Building and living off a nest egg is tough — but you can make the situation even more difficult if you run afoul of some key laws governing retirement accounts.
Make one wrong move, and the long arm of Uncle Sam may soon tap you on the shoulder, demanding a few explanations.
Following are penalties to avoid at all costs when contributing to or withdrawing from retirement accounts.
Excess IRA contribution penalty
Building a large amount of retirement savings is an admirable goal. But contributing too much to an individual retirement account (IRA) can cost you, according to the IRS.
It’s possible to commit this offense by:
- Contributing an amount of money that exceeds the applicable annual contribution limit for your IRA
- Improperly rolling over money into an IRA
What happens if you get a little too eager to build a nest egg and make one of these mistakes? The IRS explains:
“Excess contributions are taxed at 6% per year as long as the excess amounts remain in the IRA. The tax can’t be more than 6% of the combined value of all your IRAs as of the end of the tax year.”
The IRS offers a remedy to fix your mistake before any penalties will be applied. The agency says you must withdraw the excess contributions — and any income earned on those contributions — by the due date of your federal income tax return for that year.
For example, if you contributed too much to an IRA for 2020, you have until April 15, 2021, to withdraw the excess and thus avoid a penalty.
Early withdrawal penalty
Taking money out too soon from a retirement account is another potentially costly mistake.
If you pull money from your IRA before the age of 59½, you might be subject to paying income taxes on the money, plus an additional 10% penalty, the IRS says.
The agency notes, though, that there are several circumstances in which you are allowed to take early IRA withdrawals without penalties. For example, if you lose a job, you are allowed to tap your IRA early to pay for health insurance premiums.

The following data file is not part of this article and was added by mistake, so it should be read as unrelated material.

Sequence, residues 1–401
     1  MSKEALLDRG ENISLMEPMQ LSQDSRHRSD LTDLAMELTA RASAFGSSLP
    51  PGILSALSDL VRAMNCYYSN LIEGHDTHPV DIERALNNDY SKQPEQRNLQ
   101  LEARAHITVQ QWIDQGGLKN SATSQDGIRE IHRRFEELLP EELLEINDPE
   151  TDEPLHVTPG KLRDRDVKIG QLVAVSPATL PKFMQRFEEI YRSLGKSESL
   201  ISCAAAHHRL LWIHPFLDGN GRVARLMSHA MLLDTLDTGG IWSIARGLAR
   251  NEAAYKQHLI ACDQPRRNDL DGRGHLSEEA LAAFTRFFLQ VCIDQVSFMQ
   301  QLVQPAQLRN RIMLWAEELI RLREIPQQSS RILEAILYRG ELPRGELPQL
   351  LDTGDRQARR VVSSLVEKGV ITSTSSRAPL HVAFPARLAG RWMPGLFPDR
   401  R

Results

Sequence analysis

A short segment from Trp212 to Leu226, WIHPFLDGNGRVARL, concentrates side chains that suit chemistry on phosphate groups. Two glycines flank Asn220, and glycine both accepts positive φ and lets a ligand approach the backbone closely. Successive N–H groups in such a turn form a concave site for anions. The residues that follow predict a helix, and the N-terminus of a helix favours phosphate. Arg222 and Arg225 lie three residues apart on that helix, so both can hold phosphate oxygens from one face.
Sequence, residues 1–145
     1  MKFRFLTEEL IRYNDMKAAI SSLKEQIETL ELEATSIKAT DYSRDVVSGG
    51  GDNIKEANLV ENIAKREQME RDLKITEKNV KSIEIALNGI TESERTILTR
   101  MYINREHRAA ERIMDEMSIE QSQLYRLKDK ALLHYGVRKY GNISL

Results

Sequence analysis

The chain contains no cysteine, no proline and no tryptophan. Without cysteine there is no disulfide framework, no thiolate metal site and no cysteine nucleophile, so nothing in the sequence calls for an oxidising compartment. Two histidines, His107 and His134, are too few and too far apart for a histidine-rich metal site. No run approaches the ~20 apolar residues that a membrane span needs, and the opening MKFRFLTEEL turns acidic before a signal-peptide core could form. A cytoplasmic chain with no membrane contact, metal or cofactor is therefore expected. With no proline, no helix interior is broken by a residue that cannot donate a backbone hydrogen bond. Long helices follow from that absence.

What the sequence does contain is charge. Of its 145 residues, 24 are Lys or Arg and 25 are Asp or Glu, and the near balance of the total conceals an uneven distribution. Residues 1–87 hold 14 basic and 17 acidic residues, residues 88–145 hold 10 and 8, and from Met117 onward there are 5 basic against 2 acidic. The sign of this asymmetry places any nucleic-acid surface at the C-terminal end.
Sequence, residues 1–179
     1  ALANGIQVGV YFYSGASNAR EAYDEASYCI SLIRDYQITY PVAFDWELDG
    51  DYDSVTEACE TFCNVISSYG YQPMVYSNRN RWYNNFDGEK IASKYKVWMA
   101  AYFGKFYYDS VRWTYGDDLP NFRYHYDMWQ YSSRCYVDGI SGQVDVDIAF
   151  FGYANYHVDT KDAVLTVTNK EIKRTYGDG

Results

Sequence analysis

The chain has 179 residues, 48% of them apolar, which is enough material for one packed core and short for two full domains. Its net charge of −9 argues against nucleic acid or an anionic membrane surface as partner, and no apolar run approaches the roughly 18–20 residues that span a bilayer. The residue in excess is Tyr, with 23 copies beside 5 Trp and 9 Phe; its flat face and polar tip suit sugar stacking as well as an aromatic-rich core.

The same penalties apply to early withdrawals from retirement plans like 401(k)s, although again, there are exceptions to the rule that allow you to make early withdrawals without penalty.
It’s crucial to note that the exceptions that allow you to make early retirement plan withdrawals without penalty sometimes differ from the exceptions that allow you to make early IRA withdrawals without penalty.
Note: The Coronavirus Aid, Relief, and Economic Security Act (CARES) Act of 2020 created a one-time exception to the early-withdrawal penalty for both retirement plans and IRAs due to the coronavirus pandemic: Generally, coronavirus-related distributions of up to a total of $100,000 that were made in 2020 are exempt.
Missed RMD penalty
Retirement plans are great because they generally allow you to defer paying taxes on your contributions and income gains for decades. Alas, eventually, Uncle Sam is going to demand his share of that cash.
Previously, taxpayers were obligated to take required minimum distributions — also known as RMDs — from most types of retirement accounts beginning the year they turn 70½. But the Secure Act of 2019 bumped up that age to 72.
The consequences of failing to make these mandatory withdrawals still apply, though. Fail to take your RMDs starting the year you turn 72, and you face harsh penalties, says the IRS:
“If you do not take any distributions, or if the distributions are not large enough, you may have to pay a 50% excise tax on the amount not distributed as required.”
It’s important to note that the RMD rules do not apply to Roth IRAs. You can leave money in your Roth IRA indefinitely — although another provision of the Secure Act means your heirs have to be careful if they inherit your Roth IRA. For more, check out “Why Roth Retirement Accounts Are Now Even Better.”
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